The role of game teams is important for a number of reasons. Our sports teams provide support, real-time research, and helpful information on ethical behavior. And in particular, our interactions with people in our community also contribute significantly to our actual learning.
For the whole time I have been teaching jiu jitsu, from the very beginning, the most exciting experiences to date, my teachers and friends who teach me have helped me to achieve more in harmony with them than I can on my own. Nowadays, I find myself dealing with professionals who don’t know much about what my teachers always do to me: using my knowledge to set them up for success. For example, suppose we drilled a small section three times during a class session. In the beginning, if my partner does not know more than I do, I would be able to put myself in a position where they can do what we have already done in class.
Sometimes an athlete sees the spot and immediately seizes it, sometimes I just ask, “What are you seeing here?” they cheat, and sometimes there is a need for a clear comment like, “Here you can use the methods we used earlier today,” following the words at each step. So, depending on the needs of the athlete, I am able to provide support to help him do more than he could have done without the help.
In the case of learning, the role I play in this field is known as “knowledgeable” or “other skilled,” and the mental and physical environment in which the athlete and I interact is called the “zone of proximal development.” In his second book, 1978 Mind in Society: The Development of Advanced Psychological Techniques, psychologist Lev Vygotsky defines the ZPD (as a type of study subject) “the distance between the developmental level which is determined by solving problems on their own and the level of development that can be achieved as determined by problem solving under the guidance of the authorities, or in collaboration with relevant peers.”
So “then what” here? This may seem like what most of us already do as coaches and teachers, right? We support our athletes and students together, helping them to do more, with our help, than they could ever do.
Well, how many of you have ever had a running game go like this: “All right, Runner X. I’ll get you through this process. Let’s start with you putting your left foot in your partner’s hip. No, your left foot. Your left foot. Your left foot. No, your left foot. No, your left foot. All right, relax. “I’ll take your left foot and put it where it belongs.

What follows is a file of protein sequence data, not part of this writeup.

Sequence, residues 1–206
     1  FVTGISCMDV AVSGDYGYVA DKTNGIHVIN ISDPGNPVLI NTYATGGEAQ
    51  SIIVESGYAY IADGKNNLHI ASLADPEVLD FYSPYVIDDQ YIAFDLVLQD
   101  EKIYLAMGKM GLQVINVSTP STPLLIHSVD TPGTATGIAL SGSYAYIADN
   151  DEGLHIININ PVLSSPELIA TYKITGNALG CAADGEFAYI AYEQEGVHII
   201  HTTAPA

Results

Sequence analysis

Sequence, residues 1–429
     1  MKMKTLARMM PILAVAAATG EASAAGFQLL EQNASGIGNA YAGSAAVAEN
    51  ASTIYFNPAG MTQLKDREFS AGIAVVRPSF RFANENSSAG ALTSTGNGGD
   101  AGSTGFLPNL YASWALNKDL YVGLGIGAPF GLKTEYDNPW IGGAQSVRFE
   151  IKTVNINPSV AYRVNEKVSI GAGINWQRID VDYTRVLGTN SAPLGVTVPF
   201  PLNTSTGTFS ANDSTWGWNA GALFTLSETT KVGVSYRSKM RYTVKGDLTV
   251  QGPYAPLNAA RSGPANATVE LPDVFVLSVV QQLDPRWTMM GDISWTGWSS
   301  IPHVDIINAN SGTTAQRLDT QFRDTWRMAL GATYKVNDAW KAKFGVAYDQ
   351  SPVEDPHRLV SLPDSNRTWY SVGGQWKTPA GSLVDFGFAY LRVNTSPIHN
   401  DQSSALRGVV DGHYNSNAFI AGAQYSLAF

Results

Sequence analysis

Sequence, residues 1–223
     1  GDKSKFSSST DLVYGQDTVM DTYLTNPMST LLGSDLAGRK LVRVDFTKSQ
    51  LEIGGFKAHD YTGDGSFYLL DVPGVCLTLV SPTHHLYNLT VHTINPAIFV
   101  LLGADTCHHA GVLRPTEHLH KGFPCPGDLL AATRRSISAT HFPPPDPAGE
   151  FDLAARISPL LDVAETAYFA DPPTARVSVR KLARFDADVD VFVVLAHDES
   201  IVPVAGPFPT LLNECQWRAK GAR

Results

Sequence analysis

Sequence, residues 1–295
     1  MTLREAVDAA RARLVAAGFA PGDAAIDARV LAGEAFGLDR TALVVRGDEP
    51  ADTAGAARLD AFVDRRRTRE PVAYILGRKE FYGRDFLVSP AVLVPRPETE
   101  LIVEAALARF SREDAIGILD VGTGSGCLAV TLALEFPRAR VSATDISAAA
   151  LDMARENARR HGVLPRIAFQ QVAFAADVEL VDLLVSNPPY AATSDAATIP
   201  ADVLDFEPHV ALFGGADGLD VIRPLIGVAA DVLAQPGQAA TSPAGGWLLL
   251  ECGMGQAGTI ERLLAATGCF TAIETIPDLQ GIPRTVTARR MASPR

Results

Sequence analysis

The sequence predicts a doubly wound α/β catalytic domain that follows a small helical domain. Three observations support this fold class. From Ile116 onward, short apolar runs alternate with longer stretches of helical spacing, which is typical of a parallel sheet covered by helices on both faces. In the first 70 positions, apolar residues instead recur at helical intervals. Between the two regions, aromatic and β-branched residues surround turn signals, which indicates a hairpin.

Sometimes, I hate to admit it, I shake my head after a encounter like that, and wonder what’s wrong with an athlete. Well, the answer is: no. Wrong is what I ask of the athletes. It seems that Brazilian jiu jitsu is very important, both mentally, emotionally, physically, and mentally, especially for beginners, and if an athlete can’t do what I’m asking for, I have to ask for something – I have to be right with them.
Recently, when I am teaching or coaching, the ideas of ZPD and other experts / experts have helped me to understand that sometimes I am asking more questions from someone, even though I believe I am doing well. to climb them (some words related to the theory of ZPD). They may not be in the area. It is neither good nor bad. It is a useful resource that can help me better plan my training to better prepare athletes for success.
Understanding the learning process in this way helps me as a teacher in a number of ways. First of all, it helps me to be more patient than I could be, because I understand how it works. I know that the runner does not run in a hurry and does not not allowed. Second, it provides me with practical suggestions on how to adjust my expectations and requests for the athlete to achieve the best results. I can also install ZPD to make sure the runner is in it. And finally, it reminds me of how natural learning works; if we want to make sure we help our athletes do more than they believe they can, we must trust them first and show that confidence in every action we take.
How can you make the ZPD concept work for you, whether you are a teacher or an athlete? Post what you saw in the comments.
Figure 1 courtesy of Shutterstock.
BJJ pphoto provided by David Brown Photography.